Abstract 10088: Outcomes of Children Implanted with Ventricular Assist Devices in the United States: Analysis of the Interagency Registry for Mechanical Circulatory Support (INTERMACS)
INTRODUCTION: Pediatric mechanical circulatory support (MCS) has gained increasing attention as a strategy to decrease mortality in those awaiting transplant. Pediatric specific ventricular assist devices (VADs) are likely to soon become FDA approved; prior to this, a nationwide account of current FDA-approved device usage in pediatrics is essential.
METHODS: INTERMACS, a federally-supported registry for FDA-approved durable VADs, records data prior to and during VAD therapy. Analysis was performed for all patients < 21 years old, enrolled between June 23, 2006 and December 31, 2010.
RESULTS: Seventy four pediatric patients underwent VAD implantation at 42 institutions. Pre-implant characteristics are in Table 1. Implanted devices include LVADs alone in 51 (69%), BiVADs in 21 (28%), and total artificial hearts in 2 (3%). Half (n=37) were continuous flow. Among those with a continuous flow device, 62% were 18-20 years of age, compared to 41% with a pulsatile device. Overall, at 6 months after implant, 55% were transplanted, 37% were alive on support, and 8% had died (Figure 1). There were 291 adverse events, including infection (n=82), major bleeding (n=72), neurologic events (n=10), and device malfunction (n=20). Causes of death were CNS (4), infection (1), RV failure (1), hemorrhage (1), and other (3).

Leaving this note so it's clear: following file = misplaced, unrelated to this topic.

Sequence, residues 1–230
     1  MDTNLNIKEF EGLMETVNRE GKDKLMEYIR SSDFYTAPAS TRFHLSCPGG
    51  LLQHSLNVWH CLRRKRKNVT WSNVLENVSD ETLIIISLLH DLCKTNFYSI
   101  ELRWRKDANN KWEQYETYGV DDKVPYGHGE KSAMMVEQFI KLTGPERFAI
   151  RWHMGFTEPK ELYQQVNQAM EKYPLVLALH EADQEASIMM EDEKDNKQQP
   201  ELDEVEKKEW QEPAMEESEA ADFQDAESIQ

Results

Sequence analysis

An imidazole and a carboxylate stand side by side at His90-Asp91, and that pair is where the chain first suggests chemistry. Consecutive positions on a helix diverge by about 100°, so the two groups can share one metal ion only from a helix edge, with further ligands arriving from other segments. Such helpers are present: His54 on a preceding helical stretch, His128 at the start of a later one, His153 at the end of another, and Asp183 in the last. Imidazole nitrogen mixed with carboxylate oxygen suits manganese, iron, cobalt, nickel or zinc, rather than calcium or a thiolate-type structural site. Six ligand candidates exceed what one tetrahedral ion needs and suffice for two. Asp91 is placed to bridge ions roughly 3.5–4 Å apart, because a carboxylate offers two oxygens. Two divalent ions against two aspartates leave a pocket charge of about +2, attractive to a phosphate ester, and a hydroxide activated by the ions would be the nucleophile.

CONCLUSIONS: Ventricular assist devices may be successfully applied to adolescents awaiting heart transplant, and their outcomes compare favorably with current 6-month survival rates of adults with VADs. Annual comparative INTERMACS analyses of smaller children supported with emerging pediatric-specific VADs will be possible as novel VADs become FDA-approved.
- Ventricular assist devices
- Pediatric cardiac intensive care
- Heart failure
- Pediatric cardiology
- © 2011 by American Heart Association, Inc.